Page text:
Shirley Reisman-Klebanoff, a member of the famed Reisman Trio, came from an era that still had an undeniable link to an earlier time—a time when the horse and buggy vied with the motorcar and when the railroad still reigned supreme.
For classical music in America, it was a golden romantic age—but it is one that is passing. Sadly, I lost my beautiful friend Shirley Reisman on Oct. 10. She died of respiratory ailments and other complications.
The Reisman Trio were three sisters: Shirley, pianist; Mona, violinist; and Barbara, cellist. My father, violinist Oscar Shumsky coached the Reisman Trio for years and they were welcomed at our home as extended family.
As famous for their striking physical beauty as their exceptional musical abilities (In fact, the youngest of the three, Barbara, was chosen as Miss New Newark in the beauty pageant preliminaries to Miss America in the early 1950s), the sisters became one of the first all-female trios to tour.
In their heyday, Columbia Concert Artists Management Inc. (CAMI) sent the trio touring around the country to help establish networks for Community Concerts in America. Community Concerts were a feature of CAMI to develop concerts in smaller communities and were often used as a platform for up and coming young artists in whom they saw potential.
This was a time when the big bands raged and, I might add, racism did as well. The three sisters often put themselves in harms way playing in areas of the South where anti-Semitism thrived. The Reismans educated many American audiences at a time when performances in smaller communities rarely featured a Brahms trio or a Smetana trio.
Shirley’s father was a highly sensitive, gifted, and charismatic actor renowned for his extemporaneous soliloquies performed for enthusiastic audiences and often in imaginatively improvised settings for the Yiddish Theater.
His performances surely offered a tonic to the weary immigrants whose pasts were so often horrifically tainted by brutality—a past in which monstrous bands of killers in pogroms raged.
Shirley herself was a remarkable musician and studied piano with many legends of the time, including Wanda Landowska, one of the greatest interpreters of Bach, who incidentally greatly influenced Glen Gould. Shirley also worked with Robert Casadesus, Webster Aitken, Rudolf Firkusny, Myeczyslaw Horszowski, in addition to my father.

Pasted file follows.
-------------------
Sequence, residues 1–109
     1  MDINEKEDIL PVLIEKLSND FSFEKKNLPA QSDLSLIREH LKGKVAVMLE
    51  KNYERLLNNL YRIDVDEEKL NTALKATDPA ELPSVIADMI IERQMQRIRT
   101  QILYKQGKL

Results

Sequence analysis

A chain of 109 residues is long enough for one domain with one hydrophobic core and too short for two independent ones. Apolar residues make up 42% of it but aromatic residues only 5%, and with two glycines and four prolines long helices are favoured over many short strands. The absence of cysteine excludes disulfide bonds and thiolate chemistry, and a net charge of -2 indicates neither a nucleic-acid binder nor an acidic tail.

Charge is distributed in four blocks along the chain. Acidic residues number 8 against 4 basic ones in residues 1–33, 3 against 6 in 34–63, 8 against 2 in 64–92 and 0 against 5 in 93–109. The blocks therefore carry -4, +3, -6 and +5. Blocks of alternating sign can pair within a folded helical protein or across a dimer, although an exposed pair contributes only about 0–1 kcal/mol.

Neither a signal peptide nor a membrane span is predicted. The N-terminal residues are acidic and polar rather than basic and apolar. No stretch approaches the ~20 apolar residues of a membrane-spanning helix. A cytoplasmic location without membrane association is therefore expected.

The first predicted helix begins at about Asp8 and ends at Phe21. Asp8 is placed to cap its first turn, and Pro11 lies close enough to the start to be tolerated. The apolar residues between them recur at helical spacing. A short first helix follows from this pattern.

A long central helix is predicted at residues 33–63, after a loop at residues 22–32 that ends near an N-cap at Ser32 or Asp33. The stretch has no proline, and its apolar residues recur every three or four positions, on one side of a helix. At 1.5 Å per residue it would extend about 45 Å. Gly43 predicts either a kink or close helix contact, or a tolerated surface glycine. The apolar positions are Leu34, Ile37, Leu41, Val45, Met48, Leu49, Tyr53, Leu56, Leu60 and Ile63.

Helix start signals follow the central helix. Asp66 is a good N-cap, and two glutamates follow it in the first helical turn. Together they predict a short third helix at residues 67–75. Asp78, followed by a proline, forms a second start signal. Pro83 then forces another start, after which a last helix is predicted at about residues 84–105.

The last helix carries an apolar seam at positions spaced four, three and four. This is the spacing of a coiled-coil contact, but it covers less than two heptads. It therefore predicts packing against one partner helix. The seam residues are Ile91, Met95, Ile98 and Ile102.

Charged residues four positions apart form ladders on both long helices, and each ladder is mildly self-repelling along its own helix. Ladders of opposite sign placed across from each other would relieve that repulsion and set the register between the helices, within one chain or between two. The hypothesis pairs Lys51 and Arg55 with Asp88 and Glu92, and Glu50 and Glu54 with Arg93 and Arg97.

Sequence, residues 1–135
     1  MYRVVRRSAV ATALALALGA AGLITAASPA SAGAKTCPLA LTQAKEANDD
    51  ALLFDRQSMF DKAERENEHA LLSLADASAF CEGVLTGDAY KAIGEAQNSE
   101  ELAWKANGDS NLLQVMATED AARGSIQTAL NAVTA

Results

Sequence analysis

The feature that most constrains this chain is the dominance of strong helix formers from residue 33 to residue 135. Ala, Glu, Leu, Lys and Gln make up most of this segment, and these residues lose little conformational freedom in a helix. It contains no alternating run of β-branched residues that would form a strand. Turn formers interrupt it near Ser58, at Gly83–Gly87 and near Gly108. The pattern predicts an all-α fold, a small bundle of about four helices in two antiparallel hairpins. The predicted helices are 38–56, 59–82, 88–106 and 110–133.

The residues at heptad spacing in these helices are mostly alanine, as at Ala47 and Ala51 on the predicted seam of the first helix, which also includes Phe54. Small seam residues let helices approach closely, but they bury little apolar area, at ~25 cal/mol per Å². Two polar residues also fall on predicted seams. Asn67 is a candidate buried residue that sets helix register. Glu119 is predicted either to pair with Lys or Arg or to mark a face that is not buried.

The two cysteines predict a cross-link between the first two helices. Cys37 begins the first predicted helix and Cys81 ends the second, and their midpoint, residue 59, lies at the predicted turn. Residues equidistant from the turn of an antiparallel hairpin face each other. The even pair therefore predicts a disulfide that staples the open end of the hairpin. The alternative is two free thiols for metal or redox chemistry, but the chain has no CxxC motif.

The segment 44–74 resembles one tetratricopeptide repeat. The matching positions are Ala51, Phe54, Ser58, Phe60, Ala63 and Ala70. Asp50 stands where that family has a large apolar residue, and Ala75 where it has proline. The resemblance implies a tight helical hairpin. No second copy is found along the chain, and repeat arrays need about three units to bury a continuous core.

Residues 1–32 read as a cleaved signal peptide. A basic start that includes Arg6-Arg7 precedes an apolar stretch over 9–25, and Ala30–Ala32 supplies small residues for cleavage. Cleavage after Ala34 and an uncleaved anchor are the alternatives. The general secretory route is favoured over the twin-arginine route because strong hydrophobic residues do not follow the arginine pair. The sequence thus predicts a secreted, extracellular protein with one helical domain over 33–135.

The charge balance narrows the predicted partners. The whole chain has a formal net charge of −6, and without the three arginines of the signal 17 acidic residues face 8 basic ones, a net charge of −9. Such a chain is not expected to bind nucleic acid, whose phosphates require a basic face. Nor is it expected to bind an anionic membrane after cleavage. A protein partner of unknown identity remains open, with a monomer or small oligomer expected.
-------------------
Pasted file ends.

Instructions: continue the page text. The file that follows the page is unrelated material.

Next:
She played the way her father performed: She put her personal stamp on the music.
Many formidable pianists today play Beethoven sonata cycles while touring—a feat as difficult as memorizing the New York telephone book (although certainly far more enjoyable). Yet pianists of today are not as likely as those from the great golden age of piano playing to put a personal stamp on the music they play.
Shirley had a marvelous ear. I played for her many times, and although she was very hard to please, I knew her comments were spot on—she really cared about the beauty of the sound emerging.
To be able to shape a phrase is to be able to dance a form with no rough edges, to write poetry which rolls off the tongue. Shirley touched the keyboard in such a manner and one knew, just from listening, that she was no ordinary personality.
Her touch was magnificent and her articulation uncanny. There exist very few of her recordings, and yet I own a live recording in which she plays a Mendelssohn piano Trio in D Minor from a Reisman Trio performance of the late 1950s.Shirley Reisman was very happily married for a decade to Joseph Klebanoff, a well-known New Jersey businessman and a great lover of music. Joe was a pillar of support and really came to life when he heard a phrase turned perfectly by his highly gifted and beautiful wife.
Mona Reisman Schoen is the only living member of the Reisman Trio. She and her husband William Schoen, a concert violist, are among Shirley’s survivors, as are her many fans and admirers, including this writer.
Eric Shumsky is a concert violist. For more information, see www.shumskymusic.com/eric-shumsky.html
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